Frequently Asked Questions

1. Who does this thing?

My name is Nathaniel Burney, and I do all the drawing and wording. Please call me Nathan. Do not call me Nat or Nate — it confuses me and I get this worried look.

2. Are you really a lawyer?

Yes. I went to Georgetown Law, where I was an editor of the American Criminal Law Review. I started out defending juveniles in D.C., then was a prosecutor with the Manhattan D.A.’s office for about 9.5 years, first in the Special Narcotics office and then in the Rackets bureau. I’ve been doing mostly criminal defense since then, both white-collar and street crime, federal and state.

3. Really? So why are you doing a webcomic?

I didn’t mean to. It just kinda happened.

See, I had this law blog on my website. Fairly wordy, written for fellow lawyers. And I’d had this recurring kind of post where I tried to debunk some of the amazingly idiotic myths that persist about the law. Then I realized that the people who actually believe these myths aren’t likely to read a densely-worded law blog. So I started a little Tumblr on the side, with some hasty doodles to get the ideas across more easily. I didn’t think anybody would read it. Within two months I had a book deal, and ever since I’ve been frantically trying to figure out how to draw better. Advice is gratefully accepted (and many thanks to the established webcomic artists who’ve given me some pretty good tips!)

Anyway, I haven’t quit my day job. And I spend as much time as I can playing with the wife and kids. So I basically work on this during the time I used to spend watching TV and playing video games AND I MISS IT SO MUCH!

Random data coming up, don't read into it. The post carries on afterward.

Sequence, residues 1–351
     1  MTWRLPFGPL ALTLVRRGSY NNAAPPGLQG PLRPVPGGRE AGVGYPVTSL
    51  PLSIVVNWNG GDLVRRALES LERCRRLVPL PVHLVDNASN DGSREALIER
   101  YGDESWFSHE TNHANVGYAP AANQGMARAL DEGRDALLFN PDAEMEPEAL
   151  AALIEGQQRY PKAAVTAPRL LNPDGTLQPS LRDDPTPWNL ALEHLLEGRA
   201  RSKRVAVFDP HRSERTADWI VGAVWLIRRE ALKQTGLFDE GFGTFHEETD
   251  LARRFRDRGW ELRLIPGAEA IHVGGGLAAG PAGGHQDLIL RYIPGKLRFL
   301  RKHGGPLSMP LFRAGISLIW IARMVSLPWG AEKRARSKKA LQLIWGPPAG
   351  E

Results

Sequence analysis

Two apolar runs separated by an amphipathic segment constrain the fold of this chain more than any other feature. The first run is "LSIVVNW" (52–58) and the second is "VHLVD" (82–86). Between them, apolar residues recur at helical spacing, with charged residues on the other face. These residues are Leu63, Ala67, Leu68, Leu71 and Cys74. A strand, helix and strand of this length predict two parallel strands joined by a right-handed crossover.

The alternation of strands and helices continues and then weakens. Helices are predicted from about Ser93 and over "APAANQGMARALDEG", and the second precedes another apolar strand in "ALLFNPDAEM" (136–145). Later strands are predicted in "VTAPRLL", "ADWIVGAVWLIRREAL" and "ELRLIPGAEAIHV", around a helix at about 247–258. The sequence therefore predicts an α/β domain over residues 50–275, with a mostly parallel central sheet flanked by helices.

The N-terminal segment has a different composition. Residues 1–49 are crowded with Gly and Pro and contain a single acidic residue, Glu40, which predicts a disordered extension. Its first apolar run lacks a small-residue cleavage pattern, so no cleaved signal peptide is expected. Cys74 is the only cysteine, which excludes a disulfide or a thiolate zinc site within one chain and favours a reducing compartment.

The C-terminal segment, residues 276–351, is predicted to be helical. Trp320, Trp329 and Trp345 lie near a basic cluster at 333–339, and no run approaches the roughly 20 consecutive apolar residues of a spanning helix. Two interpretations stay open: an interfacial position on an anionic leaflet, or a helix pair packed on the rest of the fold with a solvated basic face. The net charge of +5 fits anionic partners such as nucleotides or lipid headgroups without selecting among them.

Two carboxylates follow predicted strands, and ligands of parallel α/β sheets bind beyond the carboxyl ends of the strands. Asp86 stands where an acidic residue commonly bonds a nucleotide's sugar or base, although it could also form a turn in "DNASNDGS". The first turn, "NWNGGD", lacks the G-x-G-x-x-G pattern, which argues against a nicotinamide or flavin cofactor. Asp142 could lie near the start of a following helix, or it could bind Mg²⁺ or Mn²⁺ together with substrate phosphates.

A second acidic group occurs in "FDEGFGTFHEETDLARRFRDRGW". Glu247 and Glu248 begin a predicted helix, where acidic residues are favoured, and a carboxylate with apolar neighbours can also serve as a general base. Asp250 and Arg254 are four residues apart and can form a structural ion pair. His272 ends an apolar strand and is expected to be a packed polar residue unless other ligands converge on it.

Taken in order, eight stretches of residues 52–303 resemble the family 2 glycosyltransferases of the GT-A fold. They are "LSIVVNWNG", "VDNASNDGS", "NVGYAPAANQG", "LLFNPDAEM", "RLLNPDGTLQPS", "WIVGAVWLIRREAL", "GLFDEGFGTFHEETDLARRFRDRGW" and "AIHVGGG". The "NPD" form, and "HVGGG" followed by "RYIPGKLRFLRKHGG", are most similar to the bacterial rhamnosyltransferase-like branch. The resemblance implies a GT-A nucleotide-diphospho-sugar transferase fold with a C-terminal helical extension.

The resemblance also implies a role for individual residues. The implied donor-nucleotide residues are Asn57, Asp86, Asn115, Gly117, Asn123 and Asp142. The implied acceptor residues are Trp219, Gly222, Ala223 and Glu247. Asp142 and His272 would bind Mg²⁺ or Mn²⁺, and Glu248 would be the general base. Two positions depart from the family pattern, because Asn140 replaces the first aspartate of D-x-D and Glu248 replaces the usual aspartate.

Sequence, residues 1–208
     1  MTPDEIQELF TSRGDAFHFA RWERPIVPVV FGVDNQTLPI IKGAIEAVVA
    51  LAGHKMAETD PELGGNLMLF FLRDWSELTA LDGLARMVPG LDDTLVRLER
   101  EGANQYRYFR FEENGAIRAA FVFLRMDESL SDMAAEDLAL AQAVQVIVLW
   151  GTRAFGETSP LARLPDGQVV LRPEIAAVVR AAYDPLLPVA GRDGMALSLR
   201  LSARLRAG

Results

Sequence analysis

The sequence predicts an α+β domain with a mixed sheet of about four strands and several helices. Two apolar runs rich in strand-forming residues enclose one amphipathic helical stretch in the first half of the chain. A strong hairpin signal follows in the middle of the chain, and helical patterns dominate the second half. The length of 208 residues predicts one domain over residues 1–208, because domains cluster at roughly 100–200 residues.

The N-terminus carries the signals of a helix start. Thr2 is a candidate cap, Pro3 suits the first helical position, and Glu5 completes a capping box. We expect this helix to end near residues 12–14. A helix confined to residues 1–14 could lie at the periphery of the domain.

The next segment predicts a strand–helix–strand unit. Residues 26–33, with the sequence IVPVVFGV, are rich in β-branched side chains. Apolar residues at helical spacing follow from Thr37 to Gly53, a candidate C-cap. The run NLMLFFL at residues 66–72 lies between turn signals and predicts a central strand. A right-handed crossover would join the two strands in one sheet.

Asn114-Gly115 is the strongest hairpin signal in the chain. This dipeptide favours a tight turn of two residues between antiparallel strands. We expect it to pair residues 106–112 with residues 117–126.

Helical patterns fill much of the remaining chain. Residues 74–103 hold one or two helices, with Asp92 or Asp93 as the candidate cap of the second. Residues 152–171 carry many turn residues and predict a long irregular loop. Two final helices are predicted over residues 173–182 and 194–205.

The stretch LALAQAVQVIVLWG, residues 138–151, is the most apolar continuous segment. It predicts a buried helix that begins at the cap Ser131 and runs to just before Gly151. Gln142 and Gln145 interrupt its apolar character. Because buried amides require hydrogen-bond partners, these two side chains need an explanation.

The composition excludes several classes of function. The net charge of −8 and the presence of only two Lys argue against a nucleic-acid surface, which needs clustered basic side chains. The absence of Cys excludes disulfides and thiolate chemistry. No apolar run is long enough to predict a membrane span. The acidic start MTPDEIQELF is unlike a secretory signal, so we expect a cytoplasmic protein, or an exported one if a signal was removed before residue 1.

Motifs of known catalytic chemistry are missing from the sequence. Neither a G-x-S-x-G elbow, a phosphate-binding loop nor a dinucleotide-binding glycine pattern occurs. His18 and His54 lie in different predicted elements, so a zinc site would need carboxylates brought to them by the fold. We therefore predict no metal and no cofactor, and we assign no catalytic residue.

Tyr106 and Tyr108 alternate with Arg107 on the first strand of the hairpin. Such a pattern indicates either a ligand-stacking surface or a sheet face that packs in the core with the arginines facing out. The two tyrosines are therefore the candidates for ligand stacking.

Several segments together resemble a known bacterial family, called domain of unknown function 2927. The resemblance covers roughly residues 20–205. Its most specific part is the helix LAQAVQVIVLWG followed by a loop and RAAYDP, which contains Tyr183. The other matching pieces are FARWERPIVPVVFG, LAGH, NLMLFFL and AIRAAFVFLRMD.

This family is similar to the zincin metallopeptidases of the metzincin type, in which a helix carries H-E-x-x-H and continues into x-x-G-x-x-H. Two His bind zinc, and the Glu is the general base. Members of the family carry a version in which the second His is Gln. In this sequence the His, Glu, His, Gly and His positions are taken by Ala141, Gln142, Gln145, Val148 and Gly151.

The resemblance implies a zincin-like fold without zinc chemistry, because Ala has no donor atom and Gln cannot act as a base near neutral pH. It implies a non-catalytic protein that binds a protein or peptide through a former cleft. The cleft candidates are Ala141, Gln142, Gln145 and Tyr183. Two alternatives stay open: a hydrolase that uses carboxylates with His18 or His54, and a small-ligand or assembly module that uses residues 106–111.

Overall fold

4. Who is this meant for?

The comic is written with a high-school student in mind. But it’s meant for anyone who wants to know more about American law and how it really works.

5. Where are all the case names and citations?

I’m not trying to get you through law school. I’m trying to get the basic points across. Case names and citations don’t help, they only get in the way.

I made a conscious choice at the beginning not to use them. They add nothing to the discussion, can confuse matters (especially since even well-known names like Miranda v. Arizona tell you nothing about a case’s subject matter), and for the most part nobody cares what the name of the case was that added the fourth element to the test we now use.

But also, it frees me up from the tyranny of the casebook. Law school teaches concepts bit by bit, assembling rules from decisions of many cases. Always the same cases. But by ignoring case names, I get to come up with my own scenarios that let me present the rules all at once, in a manner that’s hopefully more easy to understand.

6. So what else are you leaving out?

Not much, I hope. If I do this right, you’ll learn all the important concepts that would be covered in a first-year law school class — the “what” — as well as the policies behind them — the “why.”

7. What other webcomics do you read?

All kinds, it varies.

8. Beverage of choice?

Scotch. Neat.

9. Do you moderate the comments?

Almost never. Once in a blue moon I’ll have to step in when someone’s trying to use my site as a forum to spread misinformation, or if someone’s being a jerk to others. I won’t tolerate that kind of stuff, but it’s astonishingly rare. Most of the comments are civil and thoroughly interesting — my favorites are the ones that catch me out in a mistake, or present a different way of looking at things.

10. Can I contact you?

Sure. Email me at